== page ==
Mark Drakeford reflects on Cardiff’s Council’s abandonment of its local development plan
According to the City Council’s website, Cardiff is a ‘proud city’. Well, it may no longer be led by a member of the House of Lords, but a feeling that this claim is true only ‘up to a point Lord Copper’ is one which is becoming harder and harder to resist.
The present Lib Dem/Plaid Cymru coalition is lamentable. After six years in charge, the main political advantage retained by the Liberal Democrats is that their tenure has been so muted that large numbers of Cardiff citizens appear still to believe that Labour forms the city’s administration. Indeed, Lib Dem publicity material, at the 2008 local authority elections and beyond, often appears designed to reinforce, rather than correct, that impression.
Now that that Houdini-like ability to escape the bonds of accountability is coming to an end. The cumulative failures to provide even minimally competent administration are mounting and multiplying in a way which has communicated itself to Cardiff voters. A great deal of politics is the tussle to align a set of policy preferences with a narrative which communicates a sense of purpose and direction to those whose support is sought at the ballot box. Few political parties, however, have set out to embrace the story of the Grand Old Duke of York for this purpose, or to have succeeded so powerfully in that attempt, than the Lib Dem leadership in Cardiff.
There is scarcely a policy mountain (or even hillock) up which they have not marched their troops, without the sight of them in headlong retreat back down it again soon afterwards. Some of these reverses may have been over matters of direct interest only to a minority of Cardiff citizens, such as the recent reversal of a decision to sell off rare books from the city’s collection. Others, such as the abandoned attempt to close the highly successful Friary Centre sparked a wider response. Yet others, in the botched attempts at reform of the city’s schools and discarded policy of controlled parking zones, have had an even more extensive resonance.
None, however, are of such potential significance as the unceremonious dumping of the proposed Local Development Plan, announced at March’s meeting of the full council. Now, it will come as no surprise to anyone who has followed the disgraceful violation of Bute Park to know that the Lib Dems, and their Plaid Cymru partners, are not fit to be trusted with anything as important as spatial planning.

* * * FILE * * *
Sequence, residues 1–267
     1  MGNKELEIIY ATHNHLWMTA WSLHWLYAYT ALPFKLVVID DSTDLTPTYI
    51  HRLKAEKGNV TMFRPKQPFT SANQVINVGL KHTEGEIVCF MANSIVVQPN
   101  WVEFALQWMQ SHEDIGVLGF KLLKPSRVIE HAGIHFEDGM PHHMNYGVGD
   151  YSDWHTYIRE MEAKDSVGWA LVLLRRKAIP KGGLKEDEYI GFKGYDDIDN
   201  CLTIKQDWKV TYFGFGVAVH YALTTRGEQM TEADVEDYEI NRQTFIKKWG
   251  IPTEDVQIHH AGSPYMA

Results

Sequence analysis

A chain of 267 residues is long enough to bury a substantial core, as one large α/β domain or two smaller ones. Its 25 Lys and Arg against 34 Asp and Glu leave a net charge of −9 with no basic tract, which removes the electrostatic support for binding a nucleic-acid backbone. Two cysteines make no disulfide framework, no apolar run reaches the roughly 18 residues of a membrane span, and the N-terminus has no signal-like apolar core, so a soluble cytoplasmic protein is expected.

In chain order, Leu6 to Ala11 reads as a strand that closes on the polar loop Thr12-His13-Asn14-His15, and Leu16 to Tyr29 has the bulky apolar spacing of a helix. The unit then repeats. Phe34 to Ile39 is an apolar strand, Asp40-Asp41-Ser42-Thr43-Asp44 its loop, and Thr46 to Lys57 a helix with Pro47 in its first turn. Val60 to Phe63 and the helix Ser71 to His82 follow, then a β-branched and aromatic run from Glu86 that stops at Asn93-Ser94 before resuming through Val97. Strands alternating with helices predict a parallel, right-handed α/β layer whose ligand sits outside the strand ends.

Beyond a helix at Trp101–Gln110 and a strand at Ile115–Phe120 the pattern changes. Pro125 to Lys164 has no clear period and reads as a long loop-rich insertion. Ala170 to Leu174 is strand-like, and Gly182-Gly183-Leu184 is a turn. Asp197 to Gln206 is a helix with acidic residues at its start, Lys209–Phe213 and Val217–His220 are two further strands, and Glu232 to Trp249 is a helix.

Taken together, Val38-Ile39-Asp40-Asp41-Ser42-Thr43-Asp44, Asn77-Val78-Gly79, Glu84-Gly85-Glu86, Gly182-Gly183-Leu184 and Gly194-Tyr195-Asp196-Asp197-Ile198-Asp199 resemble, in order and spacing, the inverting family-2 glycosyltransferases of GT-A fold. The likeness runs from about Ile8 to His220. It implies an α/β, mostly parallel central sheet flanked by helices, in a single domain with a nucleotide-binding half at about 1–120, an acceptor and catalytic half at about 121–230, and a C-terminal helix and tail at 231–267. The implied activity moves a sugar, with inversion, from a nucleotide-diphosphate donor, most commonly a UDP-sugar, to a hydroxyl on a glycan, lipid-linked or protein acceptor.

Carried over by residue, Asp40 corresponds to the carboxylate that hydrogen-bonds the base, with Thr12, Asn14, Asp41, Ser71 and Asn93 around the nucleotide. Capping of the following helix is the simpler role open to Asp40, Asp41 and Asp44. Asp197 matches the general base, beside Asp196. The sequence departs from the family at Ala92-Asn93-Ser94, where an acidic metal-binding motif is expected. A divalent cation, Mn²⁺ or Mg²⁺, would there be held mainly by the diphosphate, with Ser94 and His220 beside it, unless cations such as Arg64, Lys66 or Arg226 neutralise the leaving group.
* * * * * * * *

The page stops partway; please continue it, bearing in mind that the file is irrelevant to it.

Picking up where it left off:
It can certainly not surprise those of us who have been involved in resisting the never-ending supply of schemes which the local authority has brought forward (far too often successfully) for the erosion of the great green lung which runs through the city, and which is one of its major distinguishing features.
It beggars belief, however, that an administration which, on the one hand, constructed its LDP on a set of posturing paragraphs about green space should, at the same time, be hell-bent on driving a road right through the middle of one of the premier green sites in the United Kingdom.
The Local Development Plan fell because, despite the hundreds of thousands of pounds which the council has spend on consultants’ fees in its construction, it failed a whole series of tests set out by the independent Planning Inspector. Not only were the authority’s proposals deficient in housing, with some areas designated for development located on land falling within the highest of the Environment Agency’s flood risk categories, but it failed in its plans for employment, waste and transport too.
The result is a set of short and longer term risks. In the short run, without an LDP in place to protect them, a far wider range of green field sites are now vulnerable to housing development. The longer term risk to the credibility of the city as a place which can do business will depend very much on how far the current administration is willing to mobilise a new coalition of interested groups and individuals, and then to work with that coalition in order, rapidly, to come up with a plan which stands up to outside scrutiny.
Personally, I am instinctively allergic to suggestions that what we need here is a ‘vision’ for the future of Cardiff, but the intensely practical solutions which are required to address issues of housing, transport, employment and so on do need to cohere around some sense of the place we think our capital city should be in ten and twenty years time.
None of this it to pretend that devising a sustainable, socially just, economically prosperous future for Cardiff is an easy matter. It needs and deserves really serious debate and discussion in an open and informed democratic fashion. That way the quality of decision-making might be improved and the setbacks of the recent past might just be overcome.